It seems that everyone in IT is talking about security these days. And it's hardly surprising, given the recent security breach with VISA and mastercard, everyone in AND out of IT is wary of identity theft and its consequences.
I came across a New York Times article from last summer, that focused on why user credentials should be encrypted, and why you should be losing sleep at night if they are unencrypted. What's interesting is that given the multiple breaches in data security we have seen in recent years, some folks still prefer to roll the dice and chance it. And in some cases, they might be chancing it with customer information!
For example, some ODBC drivers to SQL Server do not encrypt user credentials - or they might have a weaker encryption of passwords and absolutely no protection for the user ID. The New York Times article cites a well-known electronics company that suffered a breach, where their data, including user credentials, was stored and being transmitted in plain text. A hacker's dream (and an IT director's nightmare)!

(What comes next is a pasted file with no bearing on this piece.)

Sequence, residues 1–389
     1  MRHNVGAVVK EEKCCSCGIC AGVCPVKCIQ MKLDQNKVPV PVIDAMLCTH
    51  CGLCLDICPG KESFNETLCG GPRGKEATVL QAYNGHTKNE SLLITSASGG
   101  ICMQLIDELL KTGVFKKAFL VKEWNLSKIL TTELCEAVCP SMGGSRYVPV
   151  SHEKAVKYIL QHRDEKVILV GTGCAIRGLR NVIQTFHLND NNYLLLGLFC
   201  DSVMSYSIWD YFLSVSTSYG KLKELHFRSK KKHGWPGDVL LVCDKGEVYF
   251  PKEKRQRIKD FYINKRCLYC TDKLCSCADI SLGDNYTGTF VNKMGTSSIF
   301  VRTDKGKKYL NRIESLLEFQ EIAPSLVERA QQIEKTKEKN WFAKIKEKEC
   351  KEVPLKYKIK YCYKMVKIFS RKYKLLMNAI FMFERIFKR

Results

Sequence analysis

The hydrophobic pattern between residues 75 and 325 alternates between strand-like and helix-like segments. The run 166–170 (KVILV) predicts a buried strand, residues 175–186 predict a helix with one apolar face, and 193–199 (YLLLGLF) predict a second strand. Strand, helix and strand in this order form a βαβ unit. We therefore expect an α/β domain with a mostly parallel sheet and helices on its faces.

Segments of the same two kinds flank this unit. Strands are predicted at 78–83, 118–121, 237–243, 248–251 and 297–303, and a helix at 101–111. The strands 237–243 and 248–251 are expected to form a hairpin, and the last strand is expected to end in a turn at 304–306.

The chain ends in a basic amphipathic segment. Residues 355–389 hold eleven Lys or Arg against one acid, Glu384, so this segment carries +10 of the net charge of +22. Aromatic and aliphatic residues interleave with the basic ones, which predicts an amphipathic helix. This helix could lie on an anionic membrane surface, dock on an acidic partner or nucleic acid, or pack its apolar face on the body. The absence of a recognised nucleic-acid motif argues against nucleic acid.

DataDirect ODBC Drivers encrypt user id and password information - regardless of which SQL Server authentication method is used. For additional data protection, DataDirect Connect for ODBC drivers use SSL encryption to encrypt all of the data across the network. Internet Security Advisors' Group concurs in their evaluation of Progress DataDirect security features:
"Based on our independent assessment, we believe that using Progress DataDirect Connect for database access is one of the best proactive security measures an organization can take to reduce security related losses."
Whether your data is in the cloud (Salesforce.com, database.com, force.com), in a data warehouse (Sybase IQ, Greenplum, Teradata), or in a traditional relational database such as Oracle, DB2, or SQL Server, don't roll the dice on your security strategy, or your company's reputation. Download DataDirect Connect for ODBC Drivers and ensure best-in-class security for your critical data.
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